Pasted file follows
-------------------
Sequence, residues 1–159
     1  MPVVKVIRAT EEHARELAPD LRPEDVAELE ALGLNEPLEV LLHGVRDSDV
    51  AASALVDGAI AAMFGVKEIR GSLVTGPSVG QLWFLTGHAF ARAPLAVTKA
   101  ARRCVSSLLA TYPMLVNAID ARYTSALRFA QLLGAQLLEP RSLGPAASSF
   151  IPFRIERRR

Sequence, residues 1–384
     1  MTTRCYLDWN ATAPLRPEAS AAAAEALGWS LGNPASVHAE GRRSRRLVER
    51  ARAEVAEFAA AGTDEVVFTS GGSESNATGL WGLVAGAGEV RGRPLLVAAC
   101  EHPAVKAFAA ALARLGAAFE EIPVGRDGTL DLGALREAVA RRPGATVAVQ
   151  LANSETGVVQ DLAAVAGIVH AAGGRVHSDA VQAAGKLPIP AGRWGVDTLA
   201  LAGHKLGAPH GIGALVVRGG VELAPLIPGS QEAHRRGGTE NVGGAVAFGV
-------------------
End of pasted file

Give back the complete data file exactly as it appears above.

Sequence, residues 1–159
     1  MPVVKVIRAT EEHARELAPD LRPEDVAELE ALGLNEPLEV LLHGVRDSDV
    51  AASALVDGAI AAMFGVKEIR GSLVTGPSVG QLWFLTGHAF ARAPLAVTKA
   101  ARRCVSSLLA TYPMLVNAID ARYTSALRFA QLLGAQLLEP RSLGPAASSF
   151  IPFRIERRR

Sequence, residues 1–384
     1  MTTRCYLDWN ATAPLRPEAS AAAAEALGWS LGNPASVHAE GRRSRRLVER
    51  ARAEVAEFAA AGTDEVVFTS GGSESNATGL WGLVAGAGEV RGRPLLVAAC
   101  EHPAVKAFAA ALARLGAAFE EIPVGRDGTL DLGALREAVA RRPGATVAVQ
   151  LANSETGVVQ DLAAVAGIVH AAGGRVHSDA VQAAGKLPIP AGRWGVDTLA
   201  LAGHKLGAPH GIGALVVRGG VELAPLIPGS QEAHRRGGTE NVGGAVAFGV